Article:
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1. Technical Field
The disclosure relates to toys and, more particularly, to a simulated eye for a toy.
2. Description of Related Art
As the development of the electronic technology, more and more robot toys simulate people's actions, such as, walking, jumping, and so on. As known, eyes are one of the most important organs of human body, and people can express various feelings via the action of the eyes. The eyes of some robot toys simulate human eyes by imitating various shapes of the human eyes. However, some of these simulations are limited to the eyelids opening and closing, and accordingly, other simulation effects of the eyes of the robot toys are needed to make the robot looks more lifelike. Therefore, what is needed is a simulated eye capable of simulating more human eyes' actions.
The components of the drawings are not necessarily drawn to scale, the emphasis instead being placed upon clearly illustrating the principles of the embodiments of the simulated eye. Moreover, in the drawings, like reference numerals designate corresponding parts throughout several views.
FIG. 1 is a perspective view of a simulated eye having an eyeball, a pupil and a convex lens in accordance with one embodiment.
FIG. 2 is an exploded view of the simulated eye of FIG. 1.
FIG. 3 is a perspective view of the eyeball of FIG. 2, but viewed from another aspect.
FIG. 4 is a cross-sectional view taken along line IV-IV of FIG. 1.
FIG. 5 is a perspective view illustrating a virtual image of the pupil formed via the convex lens while the pupil is at a first position.
FIG. 6 is a perspective view of the pupil in a contracted state.
FIG. 7 is a perspective view illustrating a virtual image of the pupil formed via the convex lens while the pupil is at a second position.
FIG. 8 is a perspective view of the pupil in a dilated state.
Referring to FIG. 1, a simulated eye 10 includes an eyeball 100 and a spherical shell 200 for receiving the eyeball 100. An opening 202 is defined in the shell 200. A convex lens 102 is disposed in the eyeball 100 and exposed via the opening 202. A pupil 300 is fixed in the eyeball 100 and is visible through the convex lens 102, and an optical axis of the convex lens 102 generally extends through a centre of the pupil 300. A portion of the pupil 300 facing the convex lens 102 is colored.
Referring to FIGS. 2 and 3, a round through hole 104 is defined in the eyeball 100. The convex lens 102 is mounted into the through hole 104. A hollow cylindrical sleeve 106 protrudes from an inner surface of the eyeball 100 and surrounds the through hole 104. The sleeve 106 is configured for receiving a supporting member 400. A cylindrical protrusion 108 protrudes inwardly from an inner surface of the sleeve 106. The protrusion 108 is parallel to an axis of the sleeve 106.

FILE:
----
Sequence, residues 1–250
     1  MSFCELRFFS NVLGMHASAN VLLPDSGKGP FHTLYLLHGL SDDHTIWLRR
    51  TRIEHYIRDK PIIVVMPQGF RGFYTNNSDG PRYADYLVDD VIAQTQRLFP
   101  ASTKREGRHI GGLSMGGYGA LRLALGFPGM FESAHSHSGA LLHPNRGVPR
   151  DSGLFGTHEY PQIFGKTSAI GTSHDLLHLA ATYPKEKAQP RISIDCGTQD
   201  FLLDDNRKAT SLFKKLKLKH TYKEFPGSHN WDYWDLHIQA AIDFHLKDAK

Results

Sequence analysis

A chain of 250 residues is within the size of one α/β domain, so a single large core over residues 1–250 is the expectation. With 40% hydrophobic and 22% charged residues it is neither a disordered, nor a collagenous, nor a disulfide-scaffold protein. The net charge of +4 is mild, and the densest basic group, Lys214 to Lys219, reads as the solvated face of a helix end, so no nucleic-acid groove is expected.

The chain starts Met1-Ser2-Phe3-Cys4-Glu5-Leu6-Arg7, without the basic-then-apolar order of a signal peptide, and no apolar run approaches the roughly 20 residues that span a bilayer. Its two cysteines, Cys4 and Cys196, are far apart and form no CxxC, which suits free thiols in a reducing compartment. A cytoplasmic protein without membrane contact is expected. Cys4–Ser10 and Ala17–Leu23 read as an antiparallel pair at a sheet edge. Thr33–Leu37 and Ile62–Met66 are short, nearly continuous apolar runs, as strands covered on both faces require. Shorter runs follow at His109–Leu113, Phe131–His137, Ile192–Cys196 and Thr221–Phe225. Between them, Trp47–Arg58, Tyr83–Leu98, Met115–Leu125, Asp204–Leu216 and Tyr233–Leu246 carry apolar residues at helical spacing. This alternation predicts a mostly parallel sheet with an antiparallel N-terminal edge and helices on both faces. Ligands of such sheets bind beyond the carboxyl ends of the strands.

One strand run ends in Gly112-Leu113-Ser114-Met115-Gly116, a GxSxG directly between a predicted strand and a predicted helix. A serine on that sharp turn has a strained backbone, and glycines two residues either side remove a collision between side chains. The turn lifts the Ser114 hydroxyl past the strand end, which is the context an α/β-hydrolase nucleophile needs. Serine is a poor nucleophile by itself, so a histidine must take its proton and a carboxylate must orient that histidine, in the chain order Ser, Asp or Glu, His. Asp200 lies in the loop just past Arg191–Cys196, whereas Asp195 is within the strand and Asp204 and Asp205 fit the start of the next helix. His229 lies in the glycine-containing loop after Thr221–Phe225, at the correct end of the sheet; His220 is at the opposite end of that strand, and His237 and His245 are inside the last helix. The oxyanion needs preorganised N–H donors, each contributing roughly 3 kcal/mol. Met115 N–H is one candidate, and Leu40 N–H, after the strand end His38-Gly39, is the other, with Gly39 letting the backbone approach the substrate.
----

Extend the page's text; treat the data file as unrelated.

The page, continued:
The simulated eye 100 further includes the supporting member 400 for supporting the pupil 300, a transmission member 500, and a motor 600 having a motor shaft 610. The supporting member 400 is threadedly engaged with the transmission member 500. The transmission member 500 is fixed on the motor shaft 610 of the motor 600.
The supporting member 400 includes a round supporting sheet 402, a nut 404, and three supporting rods 406 for connecting the nut 404 to the supporting sheet 402. The pupil 300 is fixed on a side of the supporting sheet 402 opposite to the convex lens 102. A diameter of the supporting sheet 402 is a little less than that of the sleeve 106. A recess 408 is defined in a rim of the supporting sheet 402. The recess 408 engages with the protrusion 108 to restrict the supporting member 400 to rotate relative to the sleeve 106. The supporting member 400 is slidable along the axis of the sleeve 106 when received in the sleeve 106. The supporting member 400 is movably coupled to the transmission member 500 via the nut 404. In particular, the three supporting rods 406 are arranged for converting the rotational force of the transmission member 500 with respect to the nut 404 to a linear force to move the pupil 300 back and forth.